Page 161 - Faculty Handbook2

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Mental Health Concerns
161
What are the causes of MDD?
There is no single known cause. Psychological, biological, and
environmental factors all contribute to its development.
Norepinephrine, serotonin, and dopamine are three
neurotransmitters (chemical messengers that transmit
electrical signals between brain cells) that are thought to be
involved. Antidepressant medications work by increasing the
availability of neurotransmitters or by changing the
sensitivity of the receptors for these chemical messengers.
Thought processes, behaviors and interpersonal relationships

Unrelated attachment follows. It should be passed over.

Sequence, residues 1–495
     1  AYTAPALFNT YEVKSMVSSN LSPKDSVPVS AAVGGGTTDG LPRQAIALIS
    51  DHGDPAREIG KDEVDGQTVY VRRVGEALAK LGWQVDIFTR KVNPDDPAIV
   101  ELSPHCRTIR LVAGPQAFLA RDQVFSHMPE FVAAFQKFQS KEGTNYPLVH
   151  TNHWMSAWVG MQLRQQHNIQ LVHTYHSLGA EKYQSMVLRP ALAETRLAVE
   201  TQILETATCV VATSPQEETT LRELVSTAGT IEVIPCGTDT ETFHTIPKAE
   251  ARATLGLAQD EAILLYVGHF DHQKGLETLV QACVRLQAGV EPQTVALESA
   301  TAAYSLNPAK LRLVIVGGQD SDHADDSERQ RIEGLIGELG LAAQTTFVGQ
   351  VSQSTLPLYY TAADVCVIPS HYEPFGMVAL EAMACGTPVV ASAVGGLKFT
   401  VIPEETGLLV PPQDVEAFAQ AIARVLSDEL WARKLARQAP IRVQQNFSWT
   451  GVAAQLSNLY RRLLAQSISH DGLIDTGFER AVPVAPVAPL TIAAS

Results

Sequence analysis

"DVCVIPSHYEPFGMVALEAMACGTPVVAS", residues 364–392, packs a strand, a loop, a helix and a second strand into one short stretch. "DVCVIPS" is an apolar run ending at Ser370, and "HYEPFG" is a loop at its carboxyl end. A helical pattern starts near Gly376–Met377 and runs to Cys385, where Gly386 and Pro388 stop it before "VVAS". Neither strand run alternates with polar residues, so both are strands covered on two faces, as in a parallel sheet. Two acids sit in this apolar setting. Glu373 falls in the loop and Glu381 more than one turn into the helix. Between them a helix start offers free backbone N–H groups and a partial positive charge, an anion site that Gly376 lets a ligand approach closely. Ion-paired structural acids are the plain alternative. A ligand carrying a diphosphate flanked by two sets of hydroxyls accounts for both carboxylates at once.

also play a role in MDD. Various psychotherapies have been
found to effectively treat MDD including cognitive therapy,
interpersonal therapy and behavioral activation. Genetics
may also play a role. There is an increased risk for developing
depression when there is a family history of the illness. Some
people may have a biological make-up that leaves them
particularly vulnerable to developing depression. Life events
such as the death of a loved one, a major loss or change,
chronic stress and alcohol or drug abuse may trigger
episodes of depression. Some illnesses such as heart disease
and cancer and some medications may also trigger
depressive episodes.
How is MDD treated?
Although MDD can be devastating, it is highly treatable.
Between 80 and 90 percent of those diagnosed with MDD
can be effectively treated and function normally. Many types
of treatment are available and the type chosen depends on
the individual and the severity and patterns of the illness.